Once we become one with the current self as it is and listen to our body’s need for nutritious foods, the perfect body weight, for us, is more likely to surface.

    I like your attitude Tracy to stop monitoring everything and to accept your body as it is. All the best!


  2. Tracy I says:

    Thanks, Manon! Glad you like the approach. 🙂


  3. […] co-blogger Tracy explained why she despises tracking food and doesn’t do it these days. When we first talked about this blog we agreed that it […]


  4. […] I tracked my food for three days (two weekdays and a weekend day).  As some of you may know, I am not a big fan of tracking.  What I learned is that I do not in fact eat too much.  I eat the right amount over a day but I […]


  5. […] Both Tracy and I have blogged about our different reactions to food tracking here on our blog. Tracking and the Panopticon was Tracy’s post on this subject which I followed up with Another Perspective on Tracking. It […]


  6. […] tracking which Tracy and I have both blogged about here may turn out to be small potatoes as far the Panopticon goes, given the new food health and nutrition apps and gadgets that are on the way. You can log […]


  7. […] personal training and began to concern myself with “sports nutrition.“  For me, tracking and planning and measuring and counting, even in the name of sports nutrition, created a diet mentality. This might not be the same for […]


  8. […] me for so many reasons.  I am convinced that diets don’t work for long term weight loss and I despise food tracking and monitoring.  So the idea of learning to identify and respond to my body’s natural hunger signals […]


  9. […] weight loss diet. For the most part, I am for my own personal reasons opposed to tracking because I find it oppressive. If you find it helpful, by all means, […]


  10. […] and weighing and measuring. In one of his experiments, he even weighs his poop.  Since I have an aversion to careful tracking, a feeling not shared by all, this approach (poop aside) simply wouldn’t work for […]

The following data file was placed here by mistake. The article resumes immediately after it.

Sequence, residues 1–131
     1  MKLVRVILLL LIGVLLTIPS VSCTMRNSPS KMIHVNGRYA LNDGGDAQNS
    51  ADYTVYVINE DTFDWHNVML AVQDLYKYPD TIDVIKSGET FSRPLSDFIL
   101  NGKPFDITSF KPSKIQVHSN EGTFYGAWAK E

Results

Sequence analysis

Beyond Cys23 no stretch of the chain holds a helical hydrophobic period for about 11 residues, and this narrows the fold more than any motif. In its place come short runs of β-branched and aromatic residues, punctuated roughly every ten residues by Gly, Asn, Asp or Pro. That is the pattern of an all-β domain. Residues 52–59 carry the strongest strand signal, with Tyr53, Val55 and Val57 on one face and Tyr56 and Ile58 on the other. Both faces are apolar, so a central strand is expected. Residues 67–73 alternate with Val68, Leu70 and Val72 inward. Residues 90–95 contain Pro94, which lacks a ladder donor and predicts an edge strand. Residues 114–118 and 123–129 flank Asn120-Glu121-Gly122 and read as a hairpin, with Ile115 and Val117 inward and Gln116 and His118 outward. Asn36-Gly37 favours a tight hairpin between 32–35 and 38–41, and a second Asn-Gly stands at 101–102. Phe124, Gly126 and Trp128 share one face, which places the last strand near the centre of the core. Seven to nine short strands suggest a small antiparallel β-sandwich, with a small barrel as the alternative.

11. […] of those traits with the blog’s co-writers) and I’m  thinking today about their posts against tracking and in favor of tracking what one […]


  12. […] be able to rhyme off all sorts of fun facts about countless foods. I wrote them down every day and kept meticulous count. I avoided fruit juice and all caloric drinks so as not to waste the stingily parceled out grams of […]


  13. […] okay to monitor other people’s bodies.  When the blog first began, I talked about “the panopticon” in relation to tracking.  The panopticon is a prison design (from 18th C philosopher Jeremy Bentham). It’s key […]


  14. […] at least for the next little while, I’m going to need to track. I’ve been quite public in announcing that I am no fan of tracking — it is oppressive and represents to me all that is wrong with dieting (the monitoring, […]


  15. […] My favorite philosophy blog, Feminist Philosophers called this “the panopticon bra.”  The panopticon is that prison design that leads the inmates to self-police because they never know when they are being watched.  Feminists frequently claim that social norms around femininity have a panopticon-like hold on women’s lives. I myself have likened food tracking to the panopticon. […]